— When companies enter the Russian market, they often use a carbon copy of the marketing strategy they employed in other countries. A common misstep is organizing contextual advertising through AdWords, and using the things that worked in AdWords in other systems. Companies translate the key words they need and then carry over that questionable syntax into Yandex.Direct. This, of course, does not achieve much. I think people are drawn to this strategy because advertising with an unfamiliar service makes the process harder to analyze, manage, and improve on. Our experience has shown that contextual marketing is vastly more effective when tailored specifically to the search engine it is going to be featured on.
We even did a little test recently, on two different search engines, and got back categorically different results. From the day we launched operations in Russia, we were working hand-in-hand with Russian specialists who knew the ins and outs of their market. From the very start, we sought out solutions specifically designed to work in that particular market. In the end, Yandex.Direct turned out to be worth every penny, despite its seemingly high prices. It is, as of right now, our most effective advertising and promotional tool.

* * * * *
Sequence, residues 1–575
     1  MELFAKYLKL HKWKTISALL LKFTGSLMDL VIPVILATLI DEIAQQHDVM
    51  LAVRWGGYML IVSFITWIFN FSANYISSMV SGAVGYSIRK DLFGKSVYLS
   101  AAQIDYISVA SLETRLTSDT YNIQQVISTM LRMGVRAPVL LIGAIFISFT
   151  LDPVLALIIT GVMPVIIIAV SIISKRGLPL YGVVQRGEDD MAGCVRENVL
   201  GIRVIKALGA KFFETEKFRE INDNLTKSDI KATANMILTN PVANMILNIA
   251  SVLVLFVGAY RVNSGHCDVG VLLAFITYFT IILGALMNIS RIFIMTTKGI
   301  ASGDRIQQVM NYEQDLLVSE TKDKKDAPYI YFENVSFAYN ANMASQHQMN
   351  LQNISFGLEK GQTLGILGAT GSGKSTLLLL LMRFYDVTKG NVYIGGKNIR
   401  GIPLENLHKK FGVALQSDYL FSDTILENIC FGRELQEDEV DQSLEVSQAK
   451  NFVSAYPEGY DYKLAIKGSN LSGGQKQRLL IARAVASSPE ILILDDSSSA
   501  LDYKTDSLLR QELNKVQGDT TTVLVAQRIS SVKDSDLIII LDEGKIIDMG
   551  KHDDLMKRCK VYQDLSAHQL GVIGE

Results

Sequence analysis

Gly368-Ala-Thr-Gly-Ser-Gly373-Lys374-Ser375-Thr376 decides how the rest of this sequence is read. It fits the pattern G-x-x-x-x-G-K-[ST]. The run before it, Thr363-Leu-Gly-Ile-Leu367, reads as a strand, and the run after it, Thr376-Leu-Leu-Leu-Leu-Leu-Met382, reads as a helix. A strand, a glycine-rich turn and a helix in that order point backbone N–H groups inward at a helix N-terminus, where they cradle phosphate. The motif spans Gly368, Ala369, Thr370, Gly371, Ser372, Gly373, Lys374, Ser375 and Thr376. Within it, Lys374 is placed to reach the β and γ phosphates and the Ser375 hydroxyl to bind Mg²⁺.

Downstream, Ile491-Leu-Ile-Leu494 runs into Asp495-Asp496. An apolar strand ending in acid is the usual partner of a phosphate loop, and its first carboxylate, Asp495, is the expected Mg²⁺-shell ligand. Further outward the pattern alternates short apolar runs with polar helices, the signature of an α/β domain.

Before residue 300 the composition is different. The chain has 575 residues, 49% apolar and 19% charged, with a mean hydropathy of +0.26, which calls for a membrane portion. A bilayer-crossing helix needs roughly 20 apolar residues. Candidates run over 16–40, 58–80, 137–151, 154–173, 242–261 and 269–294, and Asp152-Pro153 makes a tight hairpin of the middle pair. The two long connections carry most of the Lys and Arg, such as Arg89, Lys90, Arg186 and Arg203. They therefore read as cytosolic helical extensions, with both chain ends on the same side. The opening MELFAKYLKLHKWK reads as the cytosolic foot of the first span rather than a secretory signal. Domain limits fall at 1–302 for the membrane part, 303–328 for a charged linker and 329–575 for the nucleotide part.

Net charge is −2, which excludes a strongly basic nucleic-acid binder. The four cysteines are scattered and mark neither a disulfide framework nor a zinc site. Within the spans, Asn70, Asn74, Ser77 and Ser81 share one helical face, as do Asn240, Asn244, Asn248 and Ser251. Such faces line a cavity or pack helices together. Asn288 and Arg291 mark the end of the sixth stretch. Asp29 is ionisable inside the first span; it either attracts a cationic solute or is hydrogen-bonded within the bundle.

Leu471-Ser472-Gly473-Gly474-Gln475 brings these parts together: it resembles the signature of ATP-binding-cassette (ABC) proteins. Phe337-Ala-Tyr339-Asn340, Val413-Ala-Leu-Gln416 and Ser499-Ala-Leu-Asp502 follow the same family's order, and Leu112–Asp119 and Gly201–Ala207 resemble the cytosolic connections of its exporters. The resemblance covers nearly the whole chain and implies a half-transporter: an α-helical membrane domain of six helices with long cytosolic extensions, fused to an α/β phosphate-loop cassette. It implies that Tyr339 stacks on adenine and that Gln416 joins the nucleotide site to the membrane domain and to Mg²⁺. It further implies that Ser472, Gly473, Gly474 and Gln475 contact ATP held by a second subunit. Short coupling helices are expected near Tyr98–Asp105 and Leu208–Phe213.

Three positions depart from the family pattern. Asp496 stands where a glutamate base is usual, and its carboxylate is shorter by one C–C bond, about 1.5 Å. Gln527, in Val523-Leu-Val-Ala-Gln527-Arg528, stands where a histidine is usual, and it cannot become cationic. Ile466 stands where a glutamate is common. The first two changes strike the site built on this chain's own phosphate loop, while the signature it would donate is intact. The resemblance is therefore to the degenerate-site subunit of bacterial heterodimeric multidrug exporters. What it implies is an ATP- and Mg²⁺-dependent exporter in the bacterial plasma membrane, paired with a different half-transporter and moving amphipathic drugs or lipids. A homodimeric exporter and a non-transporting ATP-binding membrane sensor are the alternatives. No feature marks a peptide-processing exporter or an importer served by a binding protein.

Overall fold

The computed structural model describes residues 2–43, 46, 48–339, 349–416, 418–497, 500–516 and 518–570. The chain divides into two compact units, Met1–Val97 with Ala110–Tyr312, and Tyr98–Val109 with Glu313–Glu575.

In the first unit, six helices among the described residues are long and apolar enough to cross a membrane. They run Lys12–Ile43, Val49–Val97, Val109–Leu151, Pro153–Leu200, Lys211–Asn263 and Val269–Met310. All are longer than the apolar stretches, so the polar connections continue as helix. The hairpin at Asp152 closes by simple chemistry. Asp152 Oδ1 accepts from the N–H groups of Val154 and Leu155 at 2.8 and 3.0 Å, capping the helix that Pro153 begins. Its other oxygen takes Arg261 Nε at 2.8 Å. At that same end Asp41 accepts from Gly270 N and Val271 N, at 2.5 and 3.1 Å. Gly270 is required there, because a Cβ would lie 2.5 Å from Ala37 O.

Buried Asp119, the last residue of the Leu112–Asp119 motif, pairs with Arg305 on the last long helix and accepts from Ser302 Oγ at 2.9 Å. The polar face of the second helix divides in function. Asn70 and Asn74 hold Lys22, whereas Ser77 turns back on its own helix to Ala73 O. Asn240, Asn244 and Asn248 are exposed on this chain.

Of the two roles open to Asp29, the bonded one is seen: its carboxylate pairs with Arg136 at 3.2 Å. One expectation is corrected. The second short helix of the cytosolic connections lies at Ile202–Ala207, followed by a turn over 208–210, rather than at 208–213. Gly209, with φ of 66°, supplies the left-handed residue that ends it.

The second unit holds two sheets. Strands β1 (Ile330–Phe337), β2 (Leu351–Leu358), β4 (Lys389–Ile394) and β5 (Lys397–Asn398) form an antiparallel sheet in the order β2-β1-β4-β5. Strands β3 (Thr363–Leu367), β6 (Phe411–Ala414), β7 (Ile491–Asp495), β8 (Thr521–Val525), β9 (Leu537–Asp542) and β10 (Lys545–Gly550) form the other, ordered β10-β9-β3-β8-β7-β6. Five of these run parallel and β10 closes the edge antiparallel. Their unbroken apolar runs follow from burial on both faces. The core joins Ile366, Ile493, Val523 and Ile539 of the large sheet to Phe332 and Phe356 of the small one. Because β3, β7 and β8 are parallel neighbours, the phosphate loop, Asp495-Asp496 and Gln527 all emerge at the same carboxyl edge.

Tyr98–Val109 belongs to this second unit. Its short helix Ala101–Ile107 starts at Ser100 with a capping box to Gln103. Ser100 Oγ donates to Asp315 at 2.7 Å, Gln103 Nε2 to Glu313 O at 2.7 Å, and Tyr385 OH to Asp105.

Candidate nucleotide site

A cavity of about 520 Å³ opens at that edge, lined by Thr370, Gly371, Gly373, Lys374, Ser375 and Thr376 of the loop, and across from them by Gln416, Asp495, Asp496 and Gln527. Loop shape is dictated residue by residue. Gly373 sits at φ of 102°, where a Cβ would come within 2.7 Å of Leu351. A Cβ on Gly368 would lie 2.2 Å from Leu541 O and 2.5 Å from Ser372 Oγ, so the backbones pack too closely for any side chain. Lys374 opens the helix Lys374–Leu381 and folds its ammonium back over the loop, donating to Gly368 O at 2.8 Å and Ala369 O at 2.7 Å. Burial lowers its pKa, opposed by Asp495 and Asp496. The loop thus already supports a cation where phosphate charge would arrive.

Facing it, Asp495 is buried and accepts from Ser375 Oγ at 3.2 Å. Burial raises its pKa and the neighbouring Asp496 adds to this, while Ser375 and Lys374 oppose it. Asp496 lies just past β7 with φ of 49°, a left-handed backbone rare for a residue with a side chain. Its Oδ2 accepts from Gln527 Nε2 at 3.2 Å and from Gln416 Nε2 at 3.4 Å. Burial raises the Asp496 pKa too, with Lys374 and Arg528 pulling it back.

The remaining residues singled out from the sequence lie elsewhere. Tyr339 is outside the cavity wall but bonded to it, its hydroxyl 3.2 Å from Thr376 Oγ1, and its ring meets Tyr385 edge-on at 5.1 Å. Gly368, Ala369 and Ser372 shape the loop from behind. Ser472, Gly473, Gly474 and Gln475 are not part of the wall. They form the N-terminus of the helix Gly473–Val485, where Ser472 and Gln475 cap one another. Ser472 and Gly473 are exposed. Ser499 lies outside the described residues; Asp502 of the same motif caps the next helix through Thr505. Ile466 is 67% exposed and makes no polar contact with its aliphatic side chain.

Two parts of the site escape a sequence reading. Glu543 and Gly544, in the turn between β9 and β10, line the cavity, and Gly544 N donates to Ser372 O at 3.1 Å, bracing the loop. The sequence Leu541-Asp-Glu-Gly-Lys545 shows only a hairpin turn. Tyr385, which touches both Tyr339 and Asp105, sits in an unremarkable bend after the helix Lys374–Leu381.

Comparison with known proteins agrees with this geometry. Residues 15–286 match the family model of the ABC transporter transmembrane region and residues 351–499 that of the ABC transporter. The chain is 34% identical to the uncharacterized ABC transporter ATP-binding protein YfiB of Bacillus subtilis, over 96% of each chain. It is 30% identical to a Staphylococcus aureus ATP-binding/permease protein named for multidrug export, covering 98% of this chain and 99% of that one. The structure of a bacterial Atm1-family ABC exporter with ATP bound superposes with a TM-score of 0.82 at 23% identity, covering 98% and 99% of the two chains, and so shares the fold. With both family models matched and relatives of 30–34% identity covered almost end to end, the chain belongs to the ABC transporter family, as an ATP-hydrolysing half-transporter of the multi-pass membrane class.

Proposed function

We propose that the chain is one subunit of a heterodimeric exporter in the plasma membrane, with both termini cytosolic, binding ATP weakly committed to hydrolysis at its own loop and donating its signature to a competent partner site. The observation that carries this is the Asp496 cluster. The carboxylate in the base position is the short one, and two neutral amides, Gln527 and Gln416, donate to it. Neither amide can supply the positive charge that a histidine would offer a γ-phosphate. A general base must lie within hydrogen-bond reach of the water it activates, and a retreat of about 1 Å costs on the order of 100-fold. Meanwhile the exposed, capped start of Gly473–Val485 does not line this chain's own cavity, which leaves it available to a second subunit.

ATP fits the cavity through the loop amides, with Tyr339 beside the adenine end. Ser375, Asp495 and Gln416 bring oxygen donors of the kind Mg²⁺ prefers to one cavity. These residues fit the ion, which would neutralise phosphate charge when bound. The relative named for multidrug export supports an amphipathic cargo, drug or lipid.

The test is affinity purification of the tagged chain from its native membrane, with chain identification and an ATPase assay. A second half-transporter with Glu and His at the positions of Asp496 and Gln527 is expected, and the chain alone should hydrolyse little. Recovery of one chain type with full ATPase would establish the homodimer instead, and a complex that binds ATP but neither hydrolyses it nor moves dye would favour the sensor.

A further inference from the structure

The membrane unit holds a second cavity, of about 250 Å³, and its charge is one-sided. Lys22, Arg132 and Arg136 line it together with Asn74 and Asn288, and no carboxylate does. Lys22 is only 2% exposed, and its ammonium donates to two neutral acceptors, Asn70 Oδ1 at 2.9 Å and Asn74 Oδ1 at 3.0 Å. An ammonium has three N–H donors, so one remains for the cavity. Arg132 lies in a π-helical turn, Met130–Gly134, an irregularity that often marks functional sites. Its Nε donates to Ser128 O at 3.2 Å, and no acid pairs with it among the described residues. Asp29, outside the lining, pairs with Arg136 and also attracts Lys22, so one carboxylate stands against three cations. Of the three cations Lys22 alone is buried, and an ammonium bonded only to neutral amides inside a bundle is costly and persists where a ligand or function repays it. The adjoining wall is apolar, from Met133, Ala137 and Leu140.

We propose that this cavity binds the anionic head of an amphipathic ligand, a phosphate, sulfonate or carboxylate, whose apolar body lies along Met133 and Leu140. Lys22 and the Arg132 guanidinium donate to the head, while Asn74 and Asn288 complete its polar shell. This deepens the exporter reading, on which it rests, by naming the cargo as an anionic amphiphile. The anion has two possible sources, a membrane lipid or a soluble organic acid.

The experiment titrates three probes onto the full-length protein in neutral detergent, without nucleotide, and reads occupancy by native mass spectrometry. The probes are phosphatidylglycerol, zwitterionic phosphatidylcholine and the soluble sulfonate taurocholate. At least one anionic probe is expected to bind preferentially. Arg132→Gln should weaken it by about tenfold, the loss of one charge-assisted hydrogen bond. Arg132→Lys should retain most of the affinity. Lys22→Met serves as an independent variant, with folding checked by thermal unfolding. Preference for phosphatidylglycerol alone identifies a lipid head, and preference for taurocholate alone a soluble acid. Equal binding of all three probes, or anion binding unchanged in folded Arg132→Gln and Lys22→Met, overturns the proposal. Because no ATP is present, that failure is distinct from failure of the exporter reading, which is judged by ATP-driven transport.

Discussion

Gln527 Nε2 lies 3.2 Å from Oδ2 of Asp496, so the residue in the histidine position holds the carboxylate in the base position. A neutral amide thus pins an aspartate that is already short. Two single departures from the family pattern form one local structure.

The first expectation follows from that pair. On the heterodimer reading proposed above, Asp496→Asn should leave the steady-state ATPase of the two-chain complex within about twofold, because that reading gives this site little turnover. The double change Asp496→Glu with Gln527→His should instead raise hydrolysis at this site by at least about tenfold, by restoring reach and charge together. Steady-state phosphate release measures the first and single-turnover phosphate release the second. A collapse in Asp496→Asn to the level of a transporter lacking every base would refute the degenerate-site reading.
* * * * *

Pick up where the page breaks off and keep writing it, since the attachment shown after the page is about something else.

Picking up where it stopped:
— How does your expansion strategy in Russia differ from that of other countries?
— The Russian online ecosystem is quite different from other countries, so international marketing tools must take a back seat to Russian ones.
The media mix therefore diverges markedly, along with other promotional methods (editor’s note – a media mix is a comprehensive company marketing plan spanning all available channels). For example, we cannot use the same methods that we use in other markets to optimize automatic contextual placement, so we must look elsewhere for solutions.